Liver damage in patients on long-term parenteral nutrition Małgorzata Łyszkowska, Janusz Książyk Medical Science Review - Hepatologia 2005; 5 76-79 aaICID: 16116
Article type: Review article
IC™ Value: 2.97
Abstract provided by Publisher
Klinika Pediatrii, Oddział Żywienia Instytut „Pomnik – Centrum Zdrowia Dziecka”, Warszawa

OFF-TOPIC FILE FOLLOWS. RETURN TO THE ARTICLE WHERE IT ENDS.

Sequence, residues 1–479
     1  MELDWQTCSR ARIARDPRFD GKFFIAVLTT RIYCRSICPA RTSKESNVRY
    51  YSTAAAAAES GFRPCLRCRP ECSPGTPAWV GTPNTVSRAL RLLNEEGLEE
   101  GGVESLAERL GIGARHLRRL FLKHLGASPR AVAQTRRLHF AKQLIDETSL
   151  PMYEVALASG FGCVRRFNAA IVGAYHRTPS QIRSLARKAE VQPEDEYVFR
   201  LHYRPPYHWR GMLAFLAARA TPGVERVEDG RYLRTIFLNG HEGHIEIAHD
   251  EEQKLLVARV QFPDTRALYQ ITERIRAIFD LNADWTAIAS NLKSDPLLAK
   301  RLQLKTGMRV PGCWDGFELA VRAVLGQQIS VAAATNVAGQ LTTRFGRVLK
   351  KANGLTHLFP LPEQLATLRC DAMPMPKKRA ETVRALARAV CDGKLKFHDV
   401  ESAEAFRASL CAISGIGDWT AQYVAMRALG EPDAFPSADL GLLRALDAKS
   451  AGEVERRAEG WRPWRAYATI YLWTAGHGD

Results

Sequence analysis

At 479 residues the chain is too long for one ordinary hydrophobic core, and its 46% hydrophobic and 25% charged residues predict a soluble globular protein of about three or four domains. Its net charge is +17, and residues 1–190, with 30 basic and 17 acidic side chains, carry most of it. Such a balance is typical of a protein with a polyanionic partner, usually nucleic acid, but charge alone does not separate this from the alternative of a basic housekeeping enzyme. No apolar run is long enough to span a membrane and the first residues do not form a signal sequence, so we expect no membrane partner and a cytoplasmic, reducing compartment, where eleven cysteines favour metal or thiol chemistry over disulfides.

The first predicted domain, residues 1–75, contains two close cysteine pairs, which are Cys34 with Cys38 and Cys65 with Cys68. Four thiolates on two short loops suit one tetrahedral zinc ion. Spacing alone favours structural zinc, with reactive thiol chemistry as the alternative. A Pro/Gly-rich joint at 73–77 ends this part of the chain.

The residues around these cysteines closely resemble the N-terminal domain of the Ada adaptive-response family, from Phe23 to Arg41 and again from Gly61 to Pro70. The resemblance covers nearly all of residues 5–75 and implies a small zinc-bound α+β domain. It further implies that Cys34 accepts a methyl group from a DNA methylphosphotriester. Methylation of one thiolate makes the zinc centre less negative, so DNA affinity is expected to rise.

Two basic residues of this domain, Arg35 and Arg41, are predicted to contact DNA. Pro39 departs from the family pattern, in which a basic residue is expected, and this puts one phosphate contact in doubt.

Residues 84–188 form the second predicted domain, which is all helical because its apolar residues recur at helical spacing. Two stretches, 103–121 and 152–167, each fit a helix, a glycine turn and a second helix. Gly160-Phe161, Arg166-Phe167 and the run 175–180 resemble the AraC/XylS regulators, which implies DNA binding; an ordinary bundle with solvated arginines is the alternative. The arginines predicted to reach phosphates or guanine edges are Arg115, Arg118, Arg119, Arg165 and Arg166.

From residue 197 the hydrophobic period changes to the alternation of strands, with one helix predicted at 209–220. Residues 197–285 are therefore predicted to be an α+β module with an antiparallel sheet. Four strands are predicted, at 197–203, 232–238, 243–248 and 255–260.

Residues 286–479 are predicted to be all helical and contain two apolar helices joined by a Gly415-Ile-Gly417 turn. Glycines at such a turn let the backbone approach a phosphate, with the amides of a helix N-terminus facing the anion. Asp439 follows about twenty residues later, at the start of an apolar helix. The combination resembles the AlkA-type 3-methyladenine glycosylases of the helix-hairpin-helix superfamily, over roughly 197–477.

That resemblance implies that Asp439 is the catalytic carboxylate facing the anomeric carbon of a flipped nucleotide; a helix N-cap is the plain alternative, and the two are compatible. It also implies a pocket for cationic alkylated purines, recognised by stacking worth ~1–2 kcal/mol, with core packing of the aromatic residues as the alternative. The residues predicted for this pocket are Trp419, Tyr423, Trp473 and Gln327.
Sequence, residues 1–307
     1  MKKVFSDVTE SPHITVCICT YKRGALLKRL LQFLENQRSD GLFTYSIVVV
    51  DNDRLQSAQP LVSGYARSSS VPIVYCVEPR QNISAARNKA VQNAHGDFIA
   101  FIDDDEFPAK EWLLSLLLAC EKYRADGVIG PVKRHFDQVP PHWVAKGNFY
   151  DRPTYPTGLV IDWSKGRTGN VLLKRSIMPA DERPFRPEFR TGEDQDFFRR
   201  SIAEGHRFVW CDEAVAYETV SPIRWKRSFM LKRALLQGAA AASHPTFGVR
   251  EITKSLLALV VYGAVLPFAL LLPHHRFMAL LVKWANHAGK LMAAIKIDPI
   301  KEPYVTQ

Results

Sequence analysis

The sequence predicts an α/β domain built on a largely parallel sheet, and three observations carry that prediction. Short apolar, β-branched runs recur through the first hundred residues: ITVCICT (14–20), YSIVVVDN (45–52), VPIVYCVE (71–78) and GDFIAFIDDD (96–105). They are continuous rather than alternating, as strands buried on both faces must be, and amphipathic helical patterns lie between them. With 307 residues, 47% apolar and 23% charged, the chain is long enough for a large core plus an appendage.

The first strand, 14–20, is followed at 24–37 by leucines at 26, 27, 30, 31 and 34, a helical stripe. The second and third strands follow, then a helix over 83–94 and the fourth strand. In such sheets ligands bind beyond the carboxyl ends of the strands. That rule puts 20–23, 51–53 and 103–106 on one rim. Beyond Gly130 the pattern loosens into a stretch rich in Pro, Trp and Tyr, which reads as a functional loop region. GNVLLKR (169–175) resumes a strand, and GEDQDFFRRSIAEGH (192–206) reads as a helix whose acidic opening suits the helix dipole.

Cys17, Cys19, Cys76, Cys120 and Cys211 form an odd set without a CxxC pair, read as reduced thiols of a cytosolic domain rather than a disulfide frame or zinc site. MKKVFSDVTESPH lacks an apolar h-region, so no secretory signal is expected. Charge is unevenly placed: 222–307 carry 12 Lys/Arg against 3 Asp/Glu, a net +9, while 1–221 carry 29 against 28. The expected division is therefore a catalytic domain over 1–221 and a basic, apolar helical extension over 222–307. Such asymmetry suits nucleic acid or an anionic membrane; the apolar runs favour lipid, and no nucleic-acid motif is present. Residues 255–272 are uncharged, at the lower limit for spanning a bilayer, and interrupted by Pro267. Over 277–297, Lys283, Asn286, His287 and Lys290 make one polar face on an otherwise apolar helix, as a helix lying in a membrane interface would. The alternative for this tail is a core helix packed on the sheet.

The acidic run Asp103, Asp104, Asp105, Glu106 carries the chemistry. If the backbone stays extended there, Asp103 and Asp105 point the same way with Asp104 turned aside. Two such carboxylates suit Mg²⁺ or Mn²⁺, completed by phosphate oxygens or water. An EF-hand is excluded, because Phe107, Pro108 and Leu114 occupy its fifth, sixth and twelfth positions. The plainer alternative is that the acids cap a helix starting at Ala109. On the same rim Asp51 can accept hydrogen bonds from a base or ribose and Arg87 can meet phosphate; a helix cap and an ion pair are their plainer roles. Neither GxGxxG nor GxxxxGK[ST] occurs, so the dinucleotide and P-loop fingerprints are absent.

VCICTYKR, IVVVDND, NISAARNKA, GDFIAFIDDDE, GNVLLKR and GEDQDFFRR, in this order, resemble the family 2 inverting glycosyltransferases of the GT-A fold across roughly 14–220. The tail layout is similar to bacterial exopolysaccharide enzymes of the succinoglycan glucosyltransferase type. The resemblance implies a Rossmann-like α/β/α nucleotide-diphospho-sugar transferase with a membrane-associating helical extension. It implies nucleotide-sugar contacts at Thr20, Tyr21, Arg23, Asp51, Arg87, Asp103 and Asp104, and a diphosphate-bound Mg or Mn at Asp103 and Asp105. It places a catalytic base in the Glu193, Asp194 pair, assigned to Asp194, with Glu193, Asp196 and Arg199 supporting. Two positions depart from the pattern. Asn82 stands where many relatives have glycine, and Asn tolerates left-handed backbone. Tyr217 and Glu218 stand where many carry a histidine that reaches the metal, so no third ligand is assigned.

Long-term parenteral nutrition is the only one life-saving treatment of the patients with gut failure. Hepatic alteration, as manifested by increased enzyme activity and increased bilirubin level is observed in patients on long-term parenteral nutrition. In majority of patients the enzymes are elevated to minor degree. It is often reversible phenomenon, but in some it leads to liver failure. Steatosis, steatohepatitis and cholestasis are the most common metabolic complications which may occurre in patients on long-term parenteral nutrition. The most important factors responsible for liver damage related to parenteral nutrition are: excess of caloric intake, excess of ferrous intake, duration and the method of parenteral nutrition administration. Other important factors are related to primary disease, its complications, gut failure (length of remaining part of bowel, bacterial overgrowth caused by gut obstruction or stasis, lack of ileocaecal valve), hepatotoxic medicines, concomitant general or abdominal infections, viral hepatitis, pathologies of bile ducts, metabolic diseases and inability for enteral nutrition.